Downstream Affect Of Laziness And/or Ambivalence

Topic 23985 | Page 5

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Brian's Comment
member avatar

A very productive post. Just this morning two trailers I have pulled both had one. The top picture is on an older trailer and sits just about the mirror but the one on bottom is pretty much plain view.

Curious though how responsive is the system or rather when does it activate. The trailer I just got done pulling had a tire that was looking alittle low but ended up being okay.

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Aubrey M.'s Comment
member avatar

Aubrey you are asking good questions...

I am a Swift driver on a Walmart Dedicated Grocery account, 6 years in March of 2019. This relationship is an official contract with the 7030 Grocery DC that has a NorthEast regional territory (Pa west to Harrisburg, Maryland, New Jersey, Delaware and southern New York). We pull Walmart dry vans and reefers (on occasion rentals) using Swift tractors.

- Any issue with a Walmart trailer must be reported to their shop located at the 7030 DC. This process may differ for other Walmart Dedicated accounts, the one noted is specific to us. Every driver assigned to the account or running surge knows this.

- Store personnel is not reponsible for trailers. However it’s best to inform a supervisor or manager because the issue can possibly disrupt their operation. With few exceptions, they do not initiate any service for a trailer.

- I believe the word dispatch was used to describe the process of releasing a load to an assigned driver. At the 7030 account, dispatching is handled by Swift personnel located at the DC, which is coordinated with Walmart transportation operations. In this case I informed my Swift Driver Leader of the problem and the delay it may cause. I backed it up with a free form Qualcomm message that also confirmed contacting the Walmart shop. The QC message documented the issue and status when I departed the store.

Hope this helps clarify things for you.

Yes, thank you. Makes sense after hearing it and getting the breakdown of who's trailer it is, coordinating the load, etc.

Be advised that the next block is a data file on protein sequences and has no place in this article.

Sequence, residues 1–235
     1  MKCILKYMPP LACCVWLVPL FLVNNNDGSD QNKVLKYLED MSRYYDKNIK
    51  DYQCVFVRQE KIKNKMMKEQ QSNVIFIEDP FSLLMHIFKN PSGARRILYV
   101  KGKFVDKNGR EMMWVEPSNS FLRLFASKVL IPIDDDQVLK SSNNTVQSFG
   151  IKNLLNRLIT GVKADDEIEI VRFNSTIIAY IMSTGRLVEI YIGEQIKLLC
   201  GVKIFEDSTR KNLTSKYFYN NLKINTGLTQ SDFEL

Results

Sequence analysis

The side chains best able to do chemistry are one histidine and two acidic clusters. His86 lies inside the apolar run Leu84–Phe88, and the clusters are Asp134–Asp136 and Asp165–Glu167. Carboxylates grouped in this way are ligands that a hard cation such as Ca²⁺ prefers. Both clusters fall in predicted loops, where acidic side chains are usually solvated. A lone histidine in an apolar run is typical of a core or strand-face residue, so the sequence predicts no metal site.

Regional:

Regional Route

Usually refers to a driver hauling freight within one particular region of the country. You might be in the "Southeast Regional Division" or "Midwest Regional". Regional route drivers often get home on the weekends which is one of the main appeals for this type of route.

Qualcomm:

Omnitracs (a.k.a. Qualcomm) is a satellite-based messaging system with built-in GPS capabilities built by Qualcomm. It has a small computer screen and keyboard and is tied into the truck’s computer. It allows trucking companies to track where the driver is at, monitor the truck, and send and receive messages with the driver – similar to email.

Dry Van:

A trailer or truck that that requires no special attention, such as refrigeration, that hauls regular palletted, boxed, or floor-loaded freight. The most common type of trailer in trucking.

Reefer:

A refrigerated trailer.

Mr. Curmudgeon's Comment
member avatar

Don't have photos yet. Our company just purchased a bunch of new trailers, many with the Meritor inflation system. The lamp is mounted inboard of the rigid aluminum corner post, and on a sleeper cab with fairing, is not visible in the west coast mirror. At night, there's enough light coming from the lamp to let you know of a low-pressure condition, during the day you do not see it.

While the Meritor is a great tool, it is not foolproof, and like any system, can fail to operate properly. Inter trip inspections are still a great idea.

Robert D. (Raptor)'s Comment
member avatar

Thanks G-Tow and Susan for the teaching moment. Very good to know. I had this system on any of our trailers when I drove before. I wish I had once. I had just gotten a full tanker of crude oil out of San Jose, Ca. I checked all my tires as usual before leaving. I got the end of the driveway of the oil plant and my rear drive picked up a bolt. Didn't even feel anything. As I usually do is to check after 25 miles after leaving any place I'm driving from. So I pull over and on my passenger rear drive in plain view was a shinny bolt. Two and a half hours later I have a new drive tire and on my way. So I feel it was my fault for not looking closely at the driveway to see the debris that was there. So lesson learned.

Navypoppop's Comment
member avatar

G-Town, There is nothing like a good teaching lesson from someone who has valuable information to pass on to anyone driving. I have never had a trailer equipped with this system but would want it for all the reasons it is designed to do. I'm sure a new light should rattle someone's brain cells to inquire what it is so they can remember it's purpose. When I was running refrigerated trailers I couldn't wait to have a light bar installed on left corner of trailer to indicate how the "reefer" was performing and what mode it was in. I placed it next to the temp gauge so I could monitor it while driving. I even went with different color lights so I could tell when it was in normal-clear, cooling-blue, heating-red and defrost-amber. Then I appreciated the amber running light for ABS brake system. Bottom line each system that helps with daily safe operation should be a plus in anyone's book. You did a great job!

Reefer:

A refrigerated trailer.

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